As part of the MarTech Salary and Career Survey, we interviewed people about their experiences in marketing. Today we’re talking to Jennifer Luby, Salesforce marketing cloud architect at the global consulting company JourneyBlazers. (Interview edited for length and clarity.)
Q: How did you get where you are today?
A: I started as an HTML e-mail developer for Richmond American Homes. So this was almost 17 years ago, before there were platforms for deploying emails and automations and all kinds of things and automated e-mail sending. From there I started dabbling in website design and HTML pages and that evolved into contracted work to build websites mostly using WordPress.
Then clients started asking things like, ‘We see that there’s a form that can be filled out and can you somehow reach out to the people that reach out to us for a new HVAC system or a new whatever?’ So I started to do that, literally growing with the marketing technology industry as we know it.
And then somebody said, ‘Well, there’s this lead management thing called Salesforce.’ First CRM ever and the UI for it was pretty, pretty crude, but that was still really cool. Send volume was an issue at that time, too, if you’re using Outlook. Then we’ve got all these different e-mail service providers, everything from MailChimp to Adobe Campaign, Salesforce, Marketing Cloud, and I’ve worked in all of them. So that’s how my journey has gone.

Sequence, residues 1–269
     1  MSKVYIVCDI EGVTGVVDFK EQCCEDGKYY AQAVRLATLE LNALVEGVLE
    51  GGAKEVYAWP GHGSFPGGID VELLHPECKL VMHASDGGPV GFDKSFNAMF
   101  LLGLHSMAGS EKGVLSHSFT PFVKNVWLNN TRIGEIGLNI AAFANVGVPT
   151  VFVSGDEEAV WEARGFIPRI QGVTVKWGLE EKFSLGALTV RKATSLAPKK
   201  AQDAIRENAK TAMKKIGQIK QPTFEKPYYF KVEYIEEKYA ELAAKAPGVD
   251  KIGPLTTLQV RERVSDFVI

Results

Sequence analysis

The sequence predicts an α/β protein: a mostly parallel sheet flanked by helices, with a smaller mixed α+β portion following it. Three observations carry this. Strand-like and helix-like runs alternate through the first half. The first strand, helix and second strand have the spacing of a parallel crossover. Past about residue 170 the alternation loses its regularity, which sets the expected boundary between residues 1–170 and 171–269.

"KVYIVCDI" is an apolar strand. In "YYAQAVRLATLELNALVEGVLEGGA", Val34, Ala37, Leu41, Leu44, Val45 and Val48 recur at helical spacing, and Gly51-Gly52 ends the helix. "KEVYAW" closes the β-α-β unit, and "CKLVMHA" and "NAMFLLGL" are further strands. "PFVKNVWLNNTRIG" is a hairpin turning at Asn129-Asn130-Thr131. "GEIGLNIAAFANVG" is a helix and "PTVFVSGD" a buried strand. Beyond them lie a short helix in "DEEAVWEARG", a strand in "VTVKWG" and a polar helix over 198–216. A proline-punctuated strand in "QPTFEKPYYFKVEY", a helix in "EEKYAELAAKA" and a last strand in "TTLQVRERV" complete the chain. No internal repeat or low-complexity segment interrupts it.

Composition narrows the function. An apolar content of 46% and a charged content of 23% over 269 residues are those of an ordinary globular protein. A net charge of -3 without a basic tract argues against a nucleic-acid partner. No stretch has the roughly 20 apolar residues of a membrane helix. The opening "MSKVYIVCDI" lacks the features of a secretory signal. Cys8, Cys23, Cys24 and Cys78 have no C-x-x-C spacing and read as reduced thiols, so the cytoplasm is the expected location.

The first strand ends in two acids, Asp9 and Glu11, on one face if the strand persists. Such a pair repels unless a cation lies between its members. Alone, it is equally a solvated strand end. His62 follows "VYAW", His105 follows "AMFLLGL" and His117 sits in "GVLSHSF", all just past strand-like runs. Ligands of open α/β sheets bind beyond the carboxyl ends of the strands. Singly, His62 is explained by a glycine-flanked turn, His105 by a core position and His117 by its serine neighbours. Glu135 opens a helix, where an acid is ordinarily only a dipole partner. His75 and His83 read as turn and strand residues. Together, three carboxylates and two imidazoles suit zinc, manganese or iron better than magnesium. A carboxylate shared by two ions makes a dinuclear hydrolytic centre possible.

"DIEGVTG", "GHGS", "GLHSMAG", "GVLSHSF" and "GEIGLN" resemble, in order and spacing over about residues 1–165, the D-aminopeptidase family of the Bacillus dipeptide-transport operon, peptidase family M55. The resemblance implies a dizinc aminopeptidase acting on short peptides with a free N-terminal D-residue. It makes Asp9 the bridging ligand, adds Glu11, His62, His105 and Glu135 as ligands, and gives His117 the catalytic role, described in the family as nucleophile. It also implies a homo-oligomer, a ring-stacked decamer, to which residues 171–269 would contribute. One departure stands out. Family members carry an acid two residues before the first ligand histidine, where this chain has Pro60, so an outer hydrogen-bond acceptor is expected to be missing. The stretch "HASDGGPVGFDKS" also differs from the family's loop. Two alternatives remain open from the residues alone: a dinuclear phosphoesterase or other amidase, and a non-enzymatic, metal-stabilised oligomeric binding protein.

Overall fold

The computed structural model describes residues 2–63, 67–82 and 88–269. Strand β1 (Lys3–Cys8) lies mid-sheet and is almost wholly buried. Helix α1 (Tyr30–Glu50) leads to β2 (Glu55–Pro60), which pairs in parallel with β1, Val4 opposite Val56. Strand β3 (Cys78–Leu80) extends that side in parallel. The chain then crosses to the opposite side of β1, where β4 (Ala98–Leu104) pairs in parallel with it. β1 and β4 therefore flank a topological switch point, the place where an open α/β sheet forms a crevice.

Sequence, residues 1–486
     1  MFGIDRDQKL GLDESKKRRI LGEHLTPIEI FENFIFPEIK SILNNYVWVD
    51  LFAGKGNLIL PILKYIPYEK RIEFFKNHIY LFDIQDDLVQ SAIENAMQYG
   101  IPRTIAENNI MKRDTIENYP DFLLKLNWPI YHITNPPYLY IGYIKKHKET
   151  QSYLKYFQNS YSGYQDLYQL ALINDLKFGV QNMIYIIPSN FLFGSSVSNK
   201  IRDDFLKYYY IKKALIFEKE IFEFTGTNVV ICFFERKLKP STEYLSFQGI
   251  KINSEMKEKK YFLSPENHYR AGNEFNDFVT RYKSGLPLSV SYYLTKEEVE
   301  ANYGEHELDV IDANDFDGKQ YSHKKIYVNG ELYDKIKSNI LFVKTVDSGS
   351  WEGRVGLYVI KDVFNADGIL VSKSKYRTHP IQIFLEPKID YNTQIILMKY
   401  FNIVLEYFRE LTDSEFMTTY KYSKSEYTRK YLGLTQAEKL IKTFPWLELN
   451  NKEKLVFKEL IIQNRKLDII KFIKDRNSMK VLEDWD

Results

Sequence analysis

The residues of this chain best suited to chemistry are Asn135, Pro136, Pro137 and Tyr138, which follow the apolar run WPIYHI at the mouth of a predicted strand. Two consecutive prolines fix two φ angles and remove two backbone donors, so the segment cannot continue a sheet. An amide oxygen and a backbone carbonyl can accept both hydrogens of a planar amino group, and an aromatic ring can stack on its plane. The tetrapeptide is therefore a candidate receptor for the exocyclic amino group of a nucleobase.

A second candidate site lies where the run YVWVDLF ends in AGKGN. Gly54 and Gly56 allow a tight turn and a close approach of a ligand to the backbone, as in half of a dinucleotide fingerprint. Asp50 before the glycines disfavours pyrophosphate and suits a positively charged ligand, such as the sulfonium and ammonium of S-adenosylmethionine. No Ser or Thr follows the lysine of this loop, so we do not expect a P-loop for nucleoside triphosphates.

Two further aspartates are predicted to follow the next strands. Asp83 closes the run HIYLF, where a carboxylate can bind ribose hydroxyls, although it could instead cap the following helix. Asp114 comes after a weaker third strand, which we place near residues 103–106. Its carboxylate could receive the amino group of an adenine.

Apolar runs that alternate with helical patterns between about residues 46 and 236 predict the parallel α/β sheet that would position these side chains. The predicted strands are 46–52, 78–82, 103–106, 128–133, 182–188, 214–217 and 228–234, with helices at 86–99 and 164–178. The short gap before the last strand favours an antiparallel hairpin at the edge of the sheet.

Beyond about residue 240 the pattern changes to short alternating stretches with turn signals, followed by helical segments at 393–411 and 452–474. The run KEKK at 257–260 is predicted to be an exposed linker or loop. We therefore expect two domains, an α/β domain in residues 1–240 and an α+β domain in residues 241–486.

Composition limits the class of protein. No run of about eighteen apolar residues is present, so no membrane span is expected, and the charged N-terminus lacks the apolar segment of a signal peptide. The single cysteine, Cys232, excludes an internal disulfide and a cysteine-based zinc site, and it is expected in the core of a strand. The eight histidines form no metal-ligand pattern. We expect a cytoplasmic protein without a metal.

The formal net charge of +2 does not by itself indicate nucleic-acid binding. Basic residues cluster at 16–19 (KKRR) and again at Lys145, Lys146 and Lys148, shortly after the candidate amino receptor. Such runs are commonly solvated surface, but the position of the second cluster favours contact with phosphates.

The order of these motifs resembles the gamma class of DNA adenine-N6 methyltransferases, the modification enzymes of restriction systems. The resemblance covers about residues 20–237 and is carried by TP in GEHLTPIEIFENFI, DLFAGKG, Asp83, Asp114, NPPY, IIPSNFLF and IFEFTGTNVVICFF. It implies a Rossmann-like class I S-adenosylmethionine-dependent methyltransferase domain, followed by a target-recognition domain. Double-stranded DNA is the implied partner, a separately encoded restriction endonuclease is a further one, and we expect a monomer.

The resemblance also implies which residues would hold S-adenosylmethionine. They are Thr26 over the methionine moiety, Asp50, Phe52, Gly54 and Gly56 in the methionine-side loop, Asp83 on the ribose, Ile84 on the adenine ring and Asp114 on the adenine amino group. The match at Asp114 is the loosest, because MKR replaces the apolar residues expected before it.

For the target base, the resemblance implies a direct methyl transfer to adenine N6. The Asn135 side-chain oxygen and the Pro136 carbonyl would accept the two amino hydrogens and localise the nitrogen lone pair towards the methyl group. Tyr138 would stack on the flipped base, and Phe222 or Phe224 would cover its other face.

Q: What do you like about your job?
A: What I love is the creativity that comes with implementing a technical configuration and architecture that matches the business’s needs. I’m someone who understands business and has a consultant’s mindset, but who also is technical enough to know what to tell your specialized developers and help them with technical limitations, or say ‘Here’s what you can do and how.’ We have to help them think it through from their bigger outcome desires Into the technical of what it takes to make those outcomes happen. That’s what I love doing.
Q: What types of problems do you run into regularly?
A: The challenges are the change management and education piece and keeping that documentation transparent, clearly communicated and accessible. What I do as an architect, is I’ve got the business hat and education, change management hats and then supporting the project manager as well as the developers to build technical requirements.
All this is doable and much better than what I’ve faced in other jobs.
Q: Such as?
There have been challenges of inappropriately balanced power hierarchies. Then there’s silos and the territorialism of data in marketing. [An executive said to me], ‘You know, you don’t need to understand the enterprise data warehouse, you’re meddling, you’re stepping out.’ I said, ‘I’m trying to help you stand up a financial services cloud and marketing cloud.’
Q: Our survey found that women in marketing technology earn an average 24% less than men. What’s your experience with this?
A: I have witnessed it working in traditional business hierarchy-type environments. I’ve seen the disparity of income in myself versus even someone that I managed and hired that they brought on at twice my salary. The problem lies in not enough awareness and advocacy, and also women not having the tools to assertively and systematically, and on a very professional level, state their case … and it’s worse for women of color.
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